Daniel E. & Dorothy J. Petrequin Fund

Dan & Dorothy PetrequinDaniel E. Petrequin was born to Emil Louis Petrequin and Suzanne Alice Chiquet Petrequin on a Hillsboro farm on Easter Sunday, March 30, 1924. Dan’s father had been a Protestant minister in France. After doing missionary work in Africa, he returned briefly to France before going back to Africa to homestead. He’d lost two wives and had six children by the time he immigrated to this country, seeking a better life for his family. Dan’s mother, also from France, immigranted to the United States at the onset of World War I. Living with a sister in Chicago, she began corresponding through mutual friends with Emil. They “arranged” their own marriage, and she joined him and his family in Orenco, Oregon. They had two more sons, Dan being the youngest.  The family later moved to east Portland, where Dan attended Russellville Elementary School and graduated from Franklin High School in 1942. Dan didn’t learn much of the English language until he attended school. His early years were lean as he helped his family in their efforts to eke out a living on their small farm. As a youth, Dan learned to thrive on hard work, a quality that paid off throughout his life. He realized that his own parents’ sacrifices in coming to a foreign country and working hard to scratch out a living had provided many opportunities he would not otherwise have had. Dan worked in the Portland shipyards after high school, then joined the U.S. Navy in 1944, but never boarded a ship. As part of the V-12 Naval Reserve Officer Training Program, he attended the School of Mines in Butte, Montana, and the University of California at Berkeley.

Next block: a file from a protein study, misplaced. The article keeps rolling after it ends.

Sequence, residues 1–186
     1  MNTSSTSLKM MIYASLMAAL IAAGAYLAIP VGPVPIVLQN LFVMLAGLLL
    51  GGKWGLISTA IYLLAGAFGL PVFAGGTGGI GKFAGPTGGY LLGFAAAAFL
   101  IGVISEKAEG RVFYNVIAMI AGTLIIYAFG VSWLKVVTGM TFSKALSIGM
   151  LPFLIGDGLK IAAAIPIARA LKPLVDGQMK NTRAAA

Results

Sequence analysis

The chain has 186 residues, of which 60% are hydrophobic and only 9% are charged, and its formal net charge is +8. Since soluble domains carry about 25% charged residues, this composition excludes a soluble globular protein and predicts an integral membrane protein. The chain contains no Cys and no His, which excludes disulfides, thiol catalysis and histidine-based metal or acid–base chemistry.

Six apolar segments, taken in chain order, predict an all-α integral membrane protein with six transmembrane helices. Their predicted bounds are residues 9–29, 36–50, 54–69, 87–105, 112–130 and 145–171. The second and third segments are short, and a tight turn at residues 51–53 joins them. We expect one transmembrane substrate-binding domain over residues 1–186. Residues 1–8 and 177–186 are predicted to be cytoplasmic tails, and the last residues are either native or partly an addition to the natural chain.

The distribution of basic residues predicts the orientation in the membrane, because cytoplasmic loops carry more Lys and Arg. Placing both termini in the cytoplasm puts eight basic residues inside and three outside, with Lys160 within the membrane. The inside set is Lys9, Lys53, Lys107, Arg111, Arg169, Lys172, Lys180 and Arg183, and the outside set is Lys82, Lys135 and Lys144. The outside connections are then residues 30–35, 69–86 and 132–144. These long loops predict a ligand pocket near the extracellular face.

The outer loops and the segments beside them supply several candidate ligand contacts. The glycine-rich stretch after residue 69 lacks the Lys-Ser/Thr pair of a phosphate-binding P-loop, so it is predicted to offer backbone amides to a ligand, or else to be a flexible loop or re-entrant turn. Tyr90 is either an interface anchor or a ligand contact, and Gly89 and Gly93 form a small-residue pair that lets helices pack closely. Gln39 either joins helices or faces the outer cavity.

Dorothy Jean Calderwood was born February 28, 1922, and raised in Portland, Oregon. She was a member of an avid golfing family, playing competitively for a short time. After graduating from St. Helen’s Hall Junior College, she earned a degree in sociology at Willamette University in Salem. On September 8, 1945, Dan and Dorothy married in Portland, Oregon. Dorothy and Dan had gone to the same high school, but it wasn’t until they met in a youth group at Mt. Tabor Presbyterian Church in Portland that they got together. After Dan was discharged from the Navy in 1946, the couple moved to Corvallis, where Dan studied mechanical engineering and Dorothy worked in the business office. Dan earned his engineering degree from Oregon State University in 1949. Dorothy and Dan had three daughters, Vicki, Judy, and Linda.

Dan worked with R.C. Wilson Construction Co. from 1950 until retiring in 1984. What eventually became a multi-million dollar concern began by Dan and Bob building outhouses under contract for the government highway department. During his thirty-four-year career, Dan worked on projects such as Cheldelin Junior High School, Corvallis High School Library and Science Wing, Corvallis Clinic, OSU Federal Credit Union, Plaza Nine Shopping Center, PayLess and Citizen’s Bank on Circle Boulevard, US National Bank on Ninth Street, and many others. The professional project for which he was proudest was the reconstruction of the Methodist Church following a fire. But Dan was never comfortable being recognized for all the contributions he made to the community. He was much happier to turn the spotlight elsewhere, usually to his three girls.